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By Kate Bond  | 28 August, 2019


Scores dead in latest Mediterranean shipwreck. At least 40 people are estimated to have drowned off the coast of Libya in the latest boat disaster on the Mediterranean Sea. A rescue operation, carried out by the Libyan Coast Guard and local fishermen, began yesterday morning, with around 60 survivors rescued and brought to shore in the coastal town of Al-Khoms. UNHCR has renewed its “urgent” call for action to save lives. “We must not simply accept these tragedies as inevitable,” said Vincent Cochetel, UNHCR Special Envoy for the Central Mediterranean. “Sympathies must now become actions that prevent loss of life at sea, and prevent the loss of hope that motivates people to risk their lives in the first place.” The incident came as UNHCR’s Deputy High Commissioner for Refugees, Kelly Clements, visited Libya to assess the country’s rising humanitarian needs. Meanwhile, Italy has grounded two planes used by NGOs to search for refugee boats in distress in the Mediterranean. The planes are operated by the German NGO Sea-Watch and the French NGO Pilotes Volontaires.

Burundi plans to bring home refugees who fled to Tanzania. Burundi has announced that it will start repatriating 200,000 of its refugees from neighbouring Tanzania in October, sparking fear among those who have crossed the border to escape persecution and violence. However, UNHCR said on Tuesday that conditions in Burundi are not “conducive to promote returns” and noted that it is assisting refugees who indicate they have made a voluntary choice to return home. In a statement to Al Jazeera, Dana Hughes, the UNHCR spokesperson for Eastern Horn and Great Lakes region, said that while around 75,000 Burundians had returned home in the past two years, hundreds still flee Burundi each month. UNHCR urged governments in the region to maintain open borders and access to asylum for those who need it. Since April 2015, the majority of Burundians have fled to neighbouring countries following political unrest at home.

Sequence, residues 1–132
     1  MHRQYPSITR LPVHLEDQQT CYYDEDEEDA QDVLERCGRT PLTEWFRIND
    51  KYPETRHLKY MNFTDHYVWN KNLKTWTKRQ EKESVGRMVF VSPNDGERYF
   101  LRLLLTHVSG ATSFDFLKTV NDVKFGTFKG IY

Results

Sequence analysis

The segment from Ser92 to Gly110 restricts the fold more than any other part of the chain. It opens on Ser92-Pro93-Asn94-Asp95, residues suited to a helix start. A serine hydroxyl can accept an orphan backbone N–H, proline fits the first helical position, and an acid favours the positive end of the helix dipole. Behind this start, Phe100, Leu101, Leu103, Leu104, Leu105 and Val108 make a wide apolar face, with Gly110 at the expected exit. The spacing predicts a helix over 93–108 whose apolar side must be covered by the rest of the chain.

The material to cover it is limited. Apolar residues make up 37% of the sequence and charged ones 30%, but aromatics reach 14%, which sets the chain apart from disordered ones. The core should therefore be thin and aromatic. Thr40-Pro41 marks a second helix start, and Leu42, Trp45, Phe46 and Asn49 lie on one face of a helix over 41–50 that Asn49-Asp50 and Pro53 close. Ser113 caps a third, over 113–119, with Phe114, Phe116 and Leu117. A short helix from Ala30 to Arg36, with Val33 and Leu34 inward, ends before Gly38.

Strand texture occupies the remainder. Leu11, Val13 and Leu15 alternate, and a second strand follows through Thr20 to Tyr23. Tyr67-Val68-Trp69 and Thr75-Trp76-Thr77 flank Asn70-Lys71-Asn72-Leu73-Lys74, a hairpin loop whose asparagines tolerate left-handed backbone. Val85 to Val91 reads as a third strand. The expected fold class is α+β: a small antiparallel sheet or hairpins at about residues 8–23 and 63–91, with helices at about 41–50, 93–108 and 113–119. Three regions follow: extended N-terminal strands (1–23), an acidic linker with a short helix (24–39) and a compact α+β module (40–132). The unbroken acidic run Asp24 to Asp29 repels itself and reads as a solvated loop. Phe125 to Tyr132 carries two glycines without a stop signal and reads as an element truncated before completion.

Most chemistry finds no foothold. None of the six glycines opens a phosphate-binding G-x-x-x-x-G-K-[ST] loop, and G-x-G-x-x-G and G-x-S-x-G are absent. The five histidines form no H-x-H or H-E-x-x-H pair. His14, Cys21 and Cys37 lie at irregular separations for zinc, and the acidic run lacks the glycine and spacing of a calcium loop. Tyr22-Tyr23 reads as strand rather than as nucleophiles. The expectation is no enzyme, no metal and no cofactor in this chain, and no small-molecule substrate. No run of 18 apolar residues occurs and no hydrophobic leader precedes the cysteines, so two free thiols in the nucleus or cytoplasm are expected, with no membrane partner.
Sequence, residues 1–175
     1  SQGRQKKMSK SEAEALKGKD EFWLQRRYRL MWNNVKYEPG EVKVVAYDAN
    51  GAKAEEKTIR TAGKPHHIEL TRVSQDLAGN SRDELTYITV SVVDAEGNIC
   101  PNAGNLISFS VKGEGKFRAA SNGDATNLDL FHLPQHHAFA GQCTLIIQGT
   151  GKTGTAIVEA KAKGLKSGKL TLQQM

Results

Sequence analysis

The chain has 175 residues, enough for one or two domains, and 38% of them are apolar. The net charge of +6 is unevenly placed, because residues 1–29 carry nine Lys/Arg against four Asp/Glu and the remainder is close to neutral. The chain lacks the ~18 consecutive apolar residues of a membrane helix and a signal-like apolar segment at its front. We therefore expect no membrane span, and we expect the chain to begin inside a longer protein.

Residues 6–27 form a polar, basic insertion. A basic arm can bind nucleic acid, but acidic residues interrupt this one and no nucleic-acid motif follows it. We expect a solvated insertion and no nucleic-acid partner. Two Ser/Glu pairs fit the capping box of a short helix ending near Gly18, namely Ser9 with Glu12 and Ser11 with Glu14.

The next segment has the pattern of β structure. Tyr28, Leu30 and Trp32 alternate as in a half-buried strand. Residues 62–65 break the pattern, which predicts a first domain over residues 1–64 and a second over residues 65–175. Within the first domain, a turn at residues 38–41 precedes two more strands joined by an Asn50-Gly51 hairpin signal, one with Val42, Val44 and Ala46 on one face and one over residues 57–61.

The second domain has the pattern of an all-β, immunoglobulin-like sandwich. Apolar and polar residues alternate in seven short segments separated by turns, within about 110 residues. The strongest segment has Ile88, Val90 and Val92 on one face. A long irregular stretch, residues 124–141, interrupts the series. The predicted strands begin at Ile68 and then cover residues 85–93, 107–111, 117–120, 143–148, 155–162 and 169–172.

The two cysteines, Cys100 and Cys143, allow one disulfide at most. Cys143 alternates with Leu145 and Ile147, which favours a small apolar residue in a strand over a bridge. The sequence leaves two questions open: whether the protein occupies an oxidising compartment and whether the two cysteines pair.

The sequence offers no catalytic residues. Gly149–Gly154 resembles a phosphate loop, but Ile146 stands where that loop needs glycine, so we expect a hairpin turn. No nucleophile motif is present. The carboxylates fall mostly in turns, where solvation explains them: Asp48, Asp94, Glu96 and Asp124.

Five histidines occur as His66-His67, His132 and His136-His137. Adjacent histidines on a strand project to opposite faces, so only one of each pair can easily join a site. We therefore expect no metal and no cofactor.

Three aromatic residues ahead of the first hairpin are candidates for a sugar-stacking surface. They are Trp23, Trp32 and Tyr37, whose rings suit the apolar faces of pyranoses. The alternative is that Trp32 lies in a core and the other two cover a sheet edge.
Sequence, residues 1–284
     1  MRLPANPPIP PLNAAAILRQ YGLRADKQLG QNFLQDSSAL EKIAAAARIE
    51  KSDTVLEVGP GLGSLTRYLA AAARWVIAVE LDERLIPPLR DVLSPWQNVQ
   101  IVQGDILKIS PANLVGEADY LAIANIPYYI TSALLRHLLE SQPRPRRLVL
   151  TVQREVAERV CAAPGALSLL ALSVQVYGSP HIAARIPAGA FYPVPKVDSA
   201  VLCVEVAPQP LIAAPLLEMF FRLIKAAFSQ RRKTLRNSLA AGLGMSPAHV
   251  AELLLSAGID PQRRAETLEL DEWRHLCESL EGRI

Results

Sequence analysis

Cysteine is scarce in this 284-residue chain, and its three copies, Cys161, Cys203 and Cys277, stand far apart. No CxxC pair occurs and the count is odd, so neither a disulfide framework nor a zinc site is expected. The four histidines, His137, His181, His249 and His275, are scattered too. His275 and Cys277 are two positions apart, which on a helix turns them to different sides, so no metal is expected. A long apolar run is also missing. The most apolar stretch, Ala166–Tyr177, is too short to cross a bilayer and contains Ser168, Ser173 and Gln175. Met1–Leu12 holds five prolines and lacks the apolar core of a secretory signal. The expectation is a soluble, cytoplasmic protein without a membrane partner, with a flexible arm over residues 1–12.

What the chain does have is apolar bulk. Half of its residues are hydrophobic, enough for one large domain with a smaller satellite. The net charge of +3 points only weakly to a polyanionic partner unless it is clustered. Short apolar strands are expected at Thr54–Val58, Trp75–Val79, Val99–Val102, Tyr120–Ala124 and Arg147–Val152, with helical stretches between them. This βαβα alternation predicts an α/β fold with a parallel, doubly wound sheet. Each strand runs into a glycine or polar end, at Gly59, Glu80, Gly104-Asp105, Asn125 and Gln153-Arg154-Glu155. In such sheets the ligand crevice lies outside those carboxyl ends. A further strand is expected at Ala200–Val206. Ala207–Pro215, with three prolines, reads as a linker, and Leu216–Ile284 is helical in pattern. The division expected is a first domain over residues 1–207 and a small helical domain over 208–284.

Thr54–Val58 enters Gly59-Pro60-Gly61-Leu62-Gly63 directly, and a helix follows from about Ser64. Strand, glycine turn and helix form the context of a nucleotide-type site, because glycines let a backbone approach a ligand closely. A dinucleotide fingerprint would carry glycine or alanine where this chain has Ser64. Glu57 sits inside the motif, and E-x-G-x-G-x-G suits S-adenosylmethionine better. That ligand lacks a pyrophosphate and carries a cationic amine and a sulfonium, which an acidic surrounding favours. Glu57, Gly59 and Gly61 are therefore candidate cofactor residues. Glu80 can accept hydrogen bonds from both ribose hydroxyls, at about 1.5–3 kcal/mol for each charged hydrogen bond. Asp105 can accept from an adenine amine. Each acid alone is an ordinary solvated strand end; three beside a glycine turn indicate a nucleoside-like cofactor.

Oxfam: Raising Australia’s refugee intake would boost economy. A new report from Oxfam Australia claims that increasing Australia’s annual refugee intake to 44,000 by 2023 would bring an extra AU$37.7 billion to the economy over the next 50 years. The report suggests that the increase, up from Australia’s current intake of 18,750 a year, would also sustain an average of 35,000 jobs a year, and increase demand for goods and services by AU$18.2 billion.

ICDF, Columbia to use health app with refugees. Taiwan’s International Cooperation and Development Fund has partnered with Columbia University in New York City to develop a mobile health-care app which will offer Syrian refugees in Turkey better access to health-care information. The project aims to raise awareness about refugee health by fostering dialogue and cooperation among refugee youth, locals, the government, academic institutions and other groups and individuals.

Three in every ten asylum-seekers in Mexico are children. Mexico’s representative to UNHCR has told reporters that three in every ten asylum-seekers in Mexico are minors. “In this context, we appeal to Mexico’s long-standing asylum tradition, which sets down that the doors must be opened to individuals who are fleeing from violence and persecution in their nations,” said Mark Manly, UNHCR’s Representative in Mexico. During the first seven months of this year, the number of people seeking asylum in Mexico reached 42,849.


A cash assistance programme in Kenya’s Kalobeyei settlement allows refugees to build their own homes with materials bought from the local community.


Following yesterday’s tragedy off the coast of Libya, it is estimated that some 900 people have lost their lives while trying to cross the Mediterranean in 2019.